2. SUPERHOT Platform: PC, Xbox One Genre: FPS/Puzzle Publisher/Developer: SUPERHOT TEAM ESRB: T Price: $25 USD SUPER. HOT. These are two words you will be saying after playing this game. SUPERHOT is a First Person Shooter, but not like you have ever played. SUPERHOT is actually a really simple concept. You play as a nameless character, seemingly supposed to be you, in a sort of virtual reality game, where you dispatch with 'red guys' as they are called, by various means. Shooting them, punching them, even going at it with a katana. Guns have limited ammunition and the baseball bat weapon can break, but you can also throw your weapon to get the jump on the enemies. Here is where the twist comes in: SUPERHOT only movies when you do. While you are motionless, the game slows down drastically, to near stopping point, so you can strategically fight all of the enemies, as you die with 1 hit. Being shot once, be hit with a sword once, even being just punched once, is instant death, so patience and situational awareness is an absolute must with this game, but wow, is it fun. Your enemies all die in one hit as well, except for melee hits which takes 3, so the odds are also in your favor if you are careful. While a simple concept on paper, it is incredible how well executed it all is. The thrill of getting a huge kill chain while not be touched is exhilarating beyond belief, especially since this game doesn't mess around. Even the visuals and sounds are simple, with a very crisp look consisting mostly of white for the background, black for weapons and objects and red for the enemies. It is simplistic but works flawlessly for the concept. IT keeps everything easy to see and once you get the hang of the way the game works, if you are patient enough, this game will keep you coming back again and again. There is a story mode surprisingly enough and this is actually what you must start with. You play through about 27 levels where you are given all that you need to get the hang of the game. This story mode, while incredibly short, was actually quite engaging, as there are some really interesting undertones to the entire thing and it will have you wondering. Like I said it is short though, it can be beaten in about two hours, so sadly the story just doesn't last long. Once you complete it though, you unlock a plethora of new content, such as endless modes with different arenas and variants, challenge which has you going through the story mode with specific conditions and more. This, a long with the addicting gameplay, makes this one of the most fun experiences I have had in a game in a long time, let alone an FPS. To me, this game has very little in the way of flaws. Firstly, the hit detection can be a tad finicky in you are close to a wall's edge. Sometimes a bullet will hit the empty air right next to the edge or when you throw a weapon, the weapon might go at an angle that causes it to hit a wall unexpectedly. This is something that is not a major issue mind you, but it is something I experienced. Other than that, perhaps a slightly longer story would have been nice, but this just doesn't detract from the overall package. Say what you will, but I would take this $25 unique FPS experience over any generic COD title with it's $60 price tag AND $50 season pass any day. Final Verdict: And there you have it. This is one of the best games I have ever played.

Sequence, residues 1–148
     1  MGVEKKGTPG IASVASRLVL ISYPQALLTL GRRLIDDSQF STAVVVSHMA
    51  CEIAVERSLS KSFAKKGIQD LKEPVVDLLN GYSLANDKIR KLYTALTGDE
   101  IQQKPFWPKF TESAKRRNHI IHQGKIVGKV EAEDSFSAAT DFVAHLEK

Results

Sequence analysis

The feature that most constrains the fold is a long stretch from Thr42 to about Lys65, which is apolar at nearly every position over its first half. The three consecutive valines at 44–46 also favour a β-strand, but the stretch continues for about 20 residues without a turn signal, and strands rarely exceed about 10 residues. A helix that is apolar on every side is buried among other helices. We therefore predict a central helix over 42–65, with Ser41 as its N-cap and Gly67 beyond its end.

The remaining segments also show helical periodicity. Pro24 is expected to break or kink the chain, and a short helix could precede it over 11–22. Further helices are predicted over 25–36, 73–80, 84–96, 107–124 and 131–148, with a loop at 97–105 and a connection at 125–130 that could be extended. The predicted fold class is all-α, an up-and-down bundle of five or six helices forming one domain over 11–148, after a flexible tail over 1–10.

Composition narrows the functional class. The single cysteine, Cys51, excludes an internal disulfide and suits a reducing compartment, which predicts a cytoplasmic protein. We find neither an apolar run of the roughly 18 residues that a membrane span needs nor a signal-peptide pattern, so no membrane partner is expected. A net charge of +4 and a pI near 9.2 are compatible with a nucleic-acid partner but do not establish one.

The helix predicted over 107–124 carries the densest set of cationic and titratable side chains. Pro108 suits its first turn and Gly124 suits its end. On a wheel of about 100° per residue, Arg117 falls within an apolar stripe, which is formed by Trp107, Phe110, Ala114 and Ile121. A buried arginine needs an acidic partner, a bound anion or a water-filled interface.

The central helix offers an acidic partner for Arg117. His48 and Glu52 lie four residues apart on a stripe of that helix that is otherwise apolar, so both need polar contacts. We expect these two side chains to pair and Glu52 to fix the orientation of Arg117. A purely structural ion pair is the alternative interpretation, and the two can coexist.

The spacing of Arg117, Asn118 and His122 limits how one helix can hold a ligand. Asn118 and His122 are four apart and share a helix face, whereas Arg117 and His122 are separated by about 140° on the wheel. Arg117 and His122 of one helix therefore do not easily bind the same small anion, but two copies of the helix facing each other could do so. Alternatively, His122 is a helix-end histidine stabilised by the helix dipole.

3. Rocket League Platform: Xbox One, PS4, PC Genre: Driving/Sport Publisher/Developer: SNK Rocket League was welcomed with praise and gamer love when it first launched for PS4 and PC. It took YouTube by storm and became one of the most popular games ever in its genre, even winning Best Sports/Driving game at the 2015 Game Awards. Now the game makes its way to Xbox One so Xbox gamers can now see if the hype and praise is justified for the title. I can simple say; Yes, yes it is. Rocket League is a deceptively simple game on the surface. It is a game where you drive RC-like turbo charged cars, collecting boost and trying to hit a soccer ball into the opposing team's goal. So essentially, it is soccer. With super-charged RC cars. You can play 4 different modes online, these are all just player amount variants. 1v1 duels, 2v2, 3v3 and the ultra crazy 4v4. Each of these have their own sort of feel and I think that 3v3 and 4v4 are the most fun of these. Then you have splitscreen online offerings and up to 4 player splitscreen locally, as well as exhibition games with AI and players and a single player season. All of this revolves around the same premise: Crazy RC cars, playing soccer. Does this sound like it can feel samey and repetitive? Well, it doesn't. The best phrase I can use to describe Rocket League is this: Simplistic Perfection. While the game is simple at the surface, what makes it work so well is how perfectly it is crafted. The cars feel incredibly fun to drive, being able to boost and jump around and hit the ball at extreme speeds never gets old. It might take a while to get used to the physics and how they work here, but they soon become second nature. There are tons of things to unlock, the sheer amount of items available will keep you unlocking things for hours and hours on end and all of these things are unlocked as you play, so there is no focus on trying to get them, you will eventually either way. The rewards are also handed out randomly so nobody unlocks the same things at the same rate. So you and someone else at the same rank will not get the same exact item at the same time. The sheer amount of content to unlock and use is incredibly impressive for a $20 title. There are a bunch of new car bodies, tires, paint jobs, paint types and even boost visuals that you can get, and there are also tons of different things from other games here too. These are a treat to see and I would love to see even more come to the game in future DLC. The balance here is also so beautifully done that it pains me to see so many military shooters nowadays that have balance as an afterthought. Here, everyone is on an even playing field. The skill gap is relatively small compared to most games and this allows many players, casual or not, to jump right in. There also is not much skill that is needed to play the game well. While one can learn the ins and outs of the angles needed to make some really good shots, the extreme chaos of the gameplay makes it to where skill becomes an afterthought and it becomes pure madness and fun. Seeing all of the players boost towards the ball and slamming into it and crashing into each other in such a frantic pace makes me think of a bunch of five year olds that have just received an immense sugar rush and here, that works! Even the matchmaking works incredibly well. It does not take long to get into a game and if the game is taking a bit to find a certain player, it will just replace him/her with an AI car that is there until a player joins to replace it. This completely eliminates any team balancing issues and the AI, while kinda dumb at times, knows how to make some great saves and defend the goal. I did have a couple of instances where, for some reason, the AI pushed the ball towards our own goal, resulting in the other team getting an advantage, but this happened very rarely. Speaking of happenings that are rare, I have rarely experienced any lag issues in the game, save for a few moments and I have experienced absolutely no disconnections whatsoever. With huge shooter franchises like Call of Duty that charge you $60 for the game AND an additional $50 upfront for DLC, it is insane that this $20 game experiences less network problems than that franchise. Honestly, I find myself enjoying this game more and more the more I play it and it is difficult to find any major flaws. I suppose the A.I. can be finicky at times, but this is very few and far between. I suppose another slight gripe is the lack of play-field variation. While there are a lot of environments in the game, each one is built upon the exact same field, with no changes in elevation or overall style. This could be to help the balance out though and thus, it doesn't bother me much. I am just too busy having fun and going crazy in the game to care. I do highly recommend that if you can play it with a friend, take that opportunity, as playing with a friend was some of the most fun I have ever had in a video game. Also, I have experienced a couple of crashes in the game, but only while playing splitscreen online. Final Verdict: